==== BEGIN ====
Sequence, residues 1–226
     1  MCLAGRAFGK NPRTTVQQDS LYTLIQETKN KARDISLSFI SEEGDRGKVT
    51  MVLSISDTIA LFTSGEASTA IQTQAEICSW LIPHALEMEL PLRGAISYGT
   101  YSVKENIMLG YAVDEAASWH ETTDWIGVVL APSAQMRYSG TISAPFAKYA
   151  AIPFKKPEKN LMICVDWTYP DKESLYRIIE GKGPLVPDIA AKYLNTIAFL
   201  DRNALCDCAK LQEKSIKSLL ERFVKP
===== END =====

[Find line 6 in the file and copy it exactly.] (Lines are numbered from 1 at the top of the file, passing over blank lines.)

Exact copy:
   201  DRNALCDCAK LQEKSIKSLL ERFVKP